Ravelli’s maverick nature shouldn’t cloud his abilities as a goalkeeper, though, in particular his shot-stopping and his capacity to come out and collect crosses — like his boyhood idol, Sepp Maier.
In what would define his career, Ravelli — 34 years old at the time — saved two kicks in the penalty shootout against Romania in the quarterfinal match in front of more than 83,000 spectators at Stanford Stadium outside San Francisco, advancing Sweden to a meeting with Brazil in the semifinals. Despite more excellence from Ravelli, Sweden lost to the eventual champions 1-0. But the team won the third-place playoff against Bulgaria and returned to Stockholm to a heroes’ welcome.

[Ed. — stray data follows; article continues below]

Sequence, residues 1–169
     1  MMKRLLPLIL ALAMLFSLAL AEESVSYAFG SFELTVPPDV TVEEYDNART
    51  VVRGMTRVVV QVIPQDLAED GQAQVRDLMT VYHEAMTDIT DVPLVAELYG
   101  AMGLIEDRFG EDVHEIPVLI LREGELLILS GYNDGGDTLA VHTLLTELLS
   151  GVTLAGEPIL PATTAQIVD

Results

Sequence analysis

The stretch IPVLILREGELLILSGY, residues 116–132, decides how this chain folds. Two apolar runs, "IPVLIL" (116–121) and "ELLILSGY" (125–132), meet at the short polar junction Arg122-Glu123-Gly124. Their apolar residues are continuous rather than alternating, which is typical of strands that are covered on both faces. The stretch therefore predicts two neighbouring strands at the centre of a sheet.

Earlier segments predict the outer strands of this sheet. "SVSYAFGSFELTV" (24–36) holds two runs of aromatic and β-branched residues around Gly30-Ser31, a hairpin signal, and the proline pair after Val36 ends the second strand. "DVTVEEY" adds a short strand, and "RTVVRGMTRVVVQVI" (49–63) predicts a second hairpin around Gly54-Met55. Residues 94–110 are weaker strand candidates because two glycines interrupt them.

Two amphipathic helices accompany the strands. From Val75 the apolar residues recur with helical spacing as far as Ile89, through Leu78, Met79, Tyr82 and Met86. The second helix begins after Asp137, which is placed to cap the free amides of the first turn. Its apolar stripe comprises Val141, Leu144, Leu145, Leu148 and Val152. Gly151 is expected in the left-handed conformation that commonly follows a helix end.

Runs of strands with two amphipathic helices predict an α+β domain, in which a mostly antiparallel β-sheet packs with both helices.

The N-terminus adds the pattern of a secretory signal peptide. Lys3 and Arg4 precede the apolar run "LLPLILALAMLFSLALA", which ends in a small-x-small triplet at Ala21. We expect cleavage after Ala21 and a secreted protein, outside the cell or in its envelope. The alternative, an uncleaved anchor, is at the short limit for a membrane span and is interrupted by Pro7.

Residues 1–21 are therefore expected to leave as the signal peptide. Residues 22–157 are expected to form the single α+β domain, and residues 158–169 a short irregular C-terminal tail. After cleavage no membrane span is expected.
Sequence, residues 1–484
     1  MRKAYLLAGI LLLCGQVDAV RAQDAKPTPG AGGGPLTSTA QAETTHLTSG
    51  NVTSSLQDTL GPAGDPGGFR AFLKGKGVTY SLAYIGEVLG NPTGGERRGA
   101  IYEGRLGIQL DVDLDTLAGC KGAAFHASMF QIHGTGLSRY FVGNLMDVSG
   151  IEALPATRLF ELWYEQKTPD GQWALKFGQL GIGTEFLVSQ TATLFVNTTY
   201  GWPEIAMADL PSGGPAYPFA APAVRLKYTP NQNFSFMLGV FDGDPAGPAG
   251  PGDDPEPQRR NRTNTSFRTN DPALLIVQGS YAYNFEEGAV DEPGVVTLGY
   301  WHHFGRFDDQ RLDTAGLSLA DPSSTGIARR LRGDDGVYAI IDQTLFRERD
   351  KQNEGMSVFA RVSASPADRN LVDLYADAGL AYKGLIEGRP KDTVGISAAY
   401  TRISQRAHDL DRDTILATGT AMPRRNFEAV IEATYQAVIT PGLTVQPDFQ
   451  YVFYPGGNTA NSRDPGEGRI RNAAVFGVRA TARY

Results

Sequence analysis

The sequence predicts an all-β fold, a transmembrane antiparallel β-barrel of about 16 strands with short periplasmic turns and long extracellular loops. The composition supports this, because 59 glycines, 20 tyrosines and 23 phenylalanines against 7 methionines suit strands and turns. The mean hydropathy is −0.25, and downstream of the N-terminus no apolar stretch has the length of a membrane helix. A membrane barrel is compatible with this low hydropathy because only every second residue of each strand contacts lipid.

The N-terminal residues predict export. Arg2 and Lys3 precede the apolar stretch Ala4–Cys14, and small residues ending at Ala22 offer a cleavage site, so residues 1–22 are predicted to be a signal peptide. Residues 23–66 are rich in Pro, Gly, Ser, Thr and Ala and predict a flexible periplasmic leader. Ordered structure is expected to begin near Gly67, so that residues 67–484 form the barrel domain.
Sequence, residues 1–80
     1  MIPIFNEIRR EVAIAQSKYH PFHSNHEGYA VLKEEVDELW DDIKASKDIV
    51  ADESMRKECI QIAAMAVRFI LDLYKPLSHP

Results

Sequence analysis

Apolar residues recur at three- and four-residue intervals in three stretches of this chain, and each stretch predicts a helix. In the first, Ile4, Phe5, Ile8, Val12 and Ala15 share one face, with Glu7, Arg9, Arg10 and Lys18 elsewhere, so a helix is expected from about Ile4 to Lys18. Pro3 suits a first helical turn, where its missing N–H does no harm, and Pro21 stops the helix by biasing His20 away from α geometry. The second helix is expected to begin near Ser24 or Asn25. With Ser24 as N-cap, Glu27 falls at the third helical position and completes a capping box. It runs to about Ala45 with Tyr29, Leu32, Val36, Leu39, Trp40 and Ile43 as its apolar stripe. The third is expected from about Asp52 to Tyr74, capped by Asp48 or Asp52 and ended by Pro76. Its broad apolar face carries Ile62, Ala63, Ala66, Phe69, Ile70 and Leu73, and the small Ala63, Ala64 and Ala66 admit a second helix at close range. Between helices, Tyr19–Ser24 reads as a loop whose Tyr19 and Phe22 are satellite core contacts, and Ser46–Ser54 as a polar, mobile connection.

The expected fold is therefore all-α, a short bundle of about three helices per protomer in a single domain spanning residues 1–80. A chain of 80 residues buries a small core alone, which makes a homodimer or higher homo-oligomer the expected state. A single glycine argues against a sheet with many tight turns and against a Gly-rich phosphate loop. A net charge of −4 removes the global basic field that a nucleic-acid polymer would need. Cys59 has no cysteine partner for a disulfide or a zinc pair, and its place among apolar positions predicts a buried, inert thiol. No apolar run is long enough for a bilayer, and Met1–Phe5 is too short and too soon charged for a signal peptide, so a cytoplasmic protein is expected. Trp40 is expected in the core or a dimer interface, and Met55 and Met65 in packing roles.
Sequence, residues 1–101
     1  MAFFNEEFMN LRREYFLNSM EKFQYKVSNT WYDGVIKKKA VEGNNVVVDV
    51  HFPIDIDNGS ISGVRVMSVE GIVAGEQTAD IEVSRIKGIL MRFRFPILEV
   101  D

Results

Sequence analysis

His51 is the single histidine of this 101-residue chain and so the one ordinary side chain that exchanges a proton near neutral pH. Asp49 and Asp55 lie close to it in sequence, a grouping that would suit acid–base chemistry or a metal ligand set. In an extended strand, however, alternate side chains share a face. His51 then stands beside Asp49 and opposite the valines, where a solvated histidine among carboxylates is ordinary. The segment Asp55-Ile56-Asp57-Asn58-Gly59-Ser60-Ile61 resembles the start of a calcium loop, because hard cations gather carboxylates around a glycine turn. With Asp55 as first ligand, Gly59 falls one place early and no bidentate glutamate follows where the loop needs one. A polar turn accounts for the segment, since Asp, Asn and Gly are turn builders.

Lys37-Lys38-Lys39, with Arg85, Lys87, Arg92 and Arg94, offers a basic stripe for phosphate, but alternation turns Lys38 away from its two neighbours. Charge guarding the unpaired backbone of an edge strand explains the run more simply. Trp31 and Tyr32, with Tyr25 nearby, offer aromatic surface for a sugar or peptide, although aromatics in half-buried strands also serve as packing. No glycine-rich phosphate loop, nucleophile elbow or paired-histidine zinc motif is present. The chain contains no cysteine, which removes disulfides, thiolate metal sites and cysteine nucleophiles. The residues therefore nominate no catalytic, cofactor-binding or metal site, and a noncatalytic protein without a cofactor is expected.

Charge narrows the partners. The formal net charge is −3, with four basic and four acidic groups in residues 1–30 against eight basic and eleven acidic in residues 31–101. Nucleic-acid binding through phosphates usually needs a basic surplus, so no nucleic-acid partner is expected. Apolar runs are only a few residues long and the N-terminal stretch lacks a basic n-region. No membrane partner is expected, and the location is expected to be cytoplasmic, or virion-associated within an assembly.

“Before the World Cup, I was questioned as a goalkeeper. They thought I was too old, wasn’t good enough,” Ravelli recalled. “The press were a little anxious about my capacities. I started the World Cup with a knife on my throat.